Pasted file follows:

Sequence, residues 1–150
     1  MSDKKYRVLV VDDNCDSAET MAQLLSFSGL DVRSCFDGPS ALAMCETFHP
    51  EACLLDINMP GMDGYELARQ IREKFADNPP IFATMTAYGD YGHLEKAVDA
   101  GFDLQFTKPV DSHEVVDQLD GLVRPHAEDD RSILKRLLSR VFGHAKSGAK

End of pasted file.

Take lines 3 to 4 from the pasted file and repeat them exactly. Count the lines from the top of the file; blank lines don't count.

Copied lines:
    51  EACLLDINMP GMDGYELARQ IREKFADNPP IFATMTAYGD YGHLEKAVDA
   101  GFDLQFTKPV DSHEVVDQLD GLVRPHAEDD RSILKRLLSR VFGHAKSGAK